Scottish Health Survey data from 1998 to 2016 were acquired from the UK Data Service.12 The Scottish Health Survey is designed as a nationally representative sample of the population living in households in Scotland—full details of sample selection and data collection methods are available in each annual report. Data were restricted to those who were aged 16 or above and had a valid cotinine sample with a measure below 12 ng/mL, the cut-point for validated non-smoking adults (n=13 563; ranging from 630 non-smoking adults in 2015 to 3738 in 1998).13 The proportion of valid samples that was below 0.1 ng/mL, the LOD for salivary cotinine, was calculated for each time point. Tobit regression of log-transformed concentrations with the LOD as the lower limit was used to determine the GMand 95% CI estimates. This method is recommended for use in datasets containing values below detection14 and has been used in other research on tobacco smoking.15 Data were extracted from the original SPSS V.19.0 files downloaded from the UK Data Service website and analysis was performed in Microsoft Excel and Stata V.13.1 (Stata Corporation). Change was calculated for the whole period 1998–2016. The trend during the period (2008–2016) after smoke-free legislation was implemented in Scotland in 2006 was assessed by fitting a linear best-fit line and determining the regression equation.

The method of sample collection has remained the same during the period reported here. The method of analysis of saliva samples used since the 2009 Scottish Health Survey is high-performance liquid chromatography coupled to tandem mass spectrometry with multiple reaction monitoring (LC-MS), replacing the gas chromatography nitrogen phosphorous detection method used in the 1998, 2003 and 2008 surveys. The sample preparation prior to LC-MS was liquid/liquid extraction.16 The LOD has remained the same during the period reported in this paper.


Figure 1 provides details of the salivary cotinine data for non-smoking adults in Scotland from the Scottish Health Surveys between 1998 and 2016. The percentage of non-smoking adults who had no detectable cotinine in their saliva increased from 12.5% (95% CI 11.5% to 13.6%) in 1998 to 81.6% (95% CI 78.6% to 84.6%) in 2016. This represents a more than sixfold increase in the proportion of non-smokers being protected from the harms associated with exposure to SHS. The population exposure expressed as a GM, determined from Tobit regression, also reduced substantially from 0.464 ng/mL (95% CI 0.444 to 0.486 ng/mL) in 1998 to 0.013 ng/mL (95% CI 0.009 to 0.020 ng/mL) in 2016: a reduction of 97.2%. Tobit regression-based estimates were lower by around 0.05 ng/mL than those derived from the previous methodology in all the years following the introduction of smoke-free legislation in Scotland.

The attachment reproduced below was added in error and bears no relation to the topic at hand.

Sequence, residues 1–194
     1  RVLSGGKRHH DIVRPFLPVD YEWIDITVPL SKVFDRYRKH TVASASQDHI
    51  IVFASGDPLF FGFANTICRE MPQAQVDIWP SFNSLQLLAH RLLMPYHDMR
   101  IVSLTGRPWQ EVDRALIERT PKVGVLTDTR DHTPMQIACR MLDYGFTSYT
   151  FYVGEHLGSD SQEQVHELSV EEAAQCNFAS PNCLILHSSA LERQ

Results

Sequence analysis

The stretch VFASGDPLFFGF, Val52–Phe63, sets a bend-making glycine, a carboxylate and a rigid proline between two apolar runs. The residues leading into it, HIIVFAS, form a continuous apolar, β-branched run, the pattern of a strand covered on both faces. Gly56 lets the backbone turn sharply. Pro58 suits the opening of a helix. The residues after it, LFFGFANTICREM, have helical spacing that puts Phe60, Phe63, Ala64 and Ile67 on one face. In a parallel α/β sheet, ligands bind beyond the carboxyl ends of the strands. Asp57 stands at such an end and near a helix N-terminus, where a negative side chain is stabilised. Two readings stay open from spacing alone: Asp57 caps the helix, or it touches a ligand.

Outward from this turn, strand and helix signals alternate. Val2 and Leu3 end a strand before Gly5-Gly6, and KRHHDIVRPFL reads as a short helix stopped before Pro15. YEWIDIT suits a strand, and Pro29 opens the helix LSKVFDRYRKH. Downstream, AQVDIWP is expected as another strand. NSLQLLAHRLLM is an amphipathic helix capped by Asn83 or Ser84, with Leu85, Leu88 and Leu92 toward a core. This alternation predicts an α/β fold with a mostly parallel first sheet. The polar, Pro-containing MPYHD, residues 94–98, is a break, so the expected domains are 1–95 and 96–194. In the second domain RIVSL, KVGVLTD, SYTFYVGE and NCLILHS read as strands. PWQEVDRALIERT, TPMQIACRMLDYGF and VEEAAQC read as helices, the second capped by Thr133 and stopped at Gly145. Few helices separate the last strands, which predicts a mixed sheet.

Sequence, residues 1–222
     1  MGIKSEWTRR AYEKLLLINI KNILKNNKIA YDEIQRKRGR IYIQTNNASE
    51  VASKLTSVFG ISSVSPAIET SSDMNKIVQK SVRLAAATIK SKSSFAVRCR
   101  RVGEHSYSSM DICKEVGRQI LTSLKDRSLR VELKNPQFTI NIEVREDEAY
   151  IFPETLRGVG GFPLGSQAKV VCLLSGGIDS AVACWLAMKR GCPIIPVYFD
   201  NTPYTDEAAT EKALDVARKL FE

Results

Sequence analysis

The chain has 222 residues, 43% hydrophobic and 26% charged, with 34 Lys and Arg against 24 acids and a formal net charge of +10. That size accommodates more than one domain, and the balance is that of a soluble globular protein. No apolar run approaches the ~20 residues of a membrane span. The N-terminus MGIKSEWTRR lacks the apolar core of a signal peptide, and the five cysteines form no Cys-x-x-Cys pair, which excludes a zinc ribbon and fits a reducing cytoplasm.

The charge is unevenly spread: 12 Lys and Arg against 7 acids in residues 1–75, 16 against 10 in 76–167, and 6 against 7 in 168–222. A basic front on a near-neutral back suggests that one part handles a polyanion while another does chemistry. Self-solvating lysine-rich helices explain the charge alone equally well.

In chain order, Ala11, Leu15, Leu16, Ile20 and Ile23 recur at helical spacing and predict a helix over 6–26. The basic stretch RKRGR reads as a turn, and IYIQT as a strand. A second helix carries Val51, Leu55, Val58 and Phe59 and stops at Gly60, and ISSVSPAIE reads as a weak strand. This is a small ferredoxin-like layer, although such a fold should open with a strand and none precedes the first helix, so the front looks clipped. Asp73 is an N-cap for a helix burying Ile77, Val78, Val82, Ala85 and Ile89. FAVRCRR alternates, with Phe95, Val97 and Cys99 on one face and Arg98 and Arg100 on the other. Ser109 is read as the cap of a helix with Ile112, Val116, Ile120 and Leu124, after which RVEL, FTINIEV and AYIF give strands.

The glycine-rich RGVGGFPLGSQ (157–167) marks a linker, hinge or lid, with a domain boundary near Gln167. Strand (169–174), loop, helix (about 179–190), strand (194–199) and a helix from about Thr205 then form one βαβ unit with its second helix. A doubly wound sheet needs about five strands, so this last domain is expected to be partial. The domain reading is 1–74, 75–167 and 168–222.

Figure 1

Scottish Health Survey salivary cotinine data from non-smoking adults 1998–2016. The bars represent the percentage of non-smoking adults with non-detectable cotinine, the dashed line shows the GM value calculated by the previous methodology using one-half the LOD; the solid line shows the GM value calculated using Tobit regression. GM, geometric mean; LOD, limit of detection; SHeS, Scottish Health Survey.

Most of this change occurred between 2003 and 2008 during the period when restrictions on smoking in enclosed public spaces, encompassing nearly all work and leisure settings, were introduced in Scotland in March 2006. When the analysis of change is restricted to data from the years 2008 to 2016 (after smoke-free legislation was implemented), the results show continued improvements in the proportion of adults without measurable cotinine (from 60.0% in 2008 to 81.6% in 2016) by 2.67% per annum (R2=0.85). Similarly, the GM of salivary cotinine concentrations reduced from 0.057 (95% CI 0.047 to 0.070) to 0.013 (95% CI 0.009 to 0.020) ng/mL over 2008 to 2016, respectively, by −0.006 ng/mL per annum (R2=0.76).

Discussion and conclusions

This paper highlights dramatic reductions in exposure of non-smoking adults to SHS in the Scottish population. National time-series data on population exposure to SHS are scarce,9 17 18 but they can play a key role in helping us better understand the effects of tobacco policy interventions. Measures of central tendency such as the arithmetic mean, median and mode are not well suited to describing exposures in datasets where a considerable proportion of the values are below the LOD. The GM is commonly used to provide statistical information in these cases but as data with 0 values cannot be included, it is often necessary to substitute or impute values for samples that are <LOD. In the 2015 Scottish Health Survey,9 the GM salivary cotinine was reported as 0.09 ng/mL but this value was based on over three-quarters of the sample providing saliva with cotinine <LOD, and thus being assigned a value of 0.05 ng/mL, on the basis of it being halfway between 0 and the LOD of 0.1 ng/mL in accordance with traditional practice. The use of Tobit Regression imputation methods described here could be further developed to take account of other exposure predictors such as living with a smoker, occupational exposure, type of home.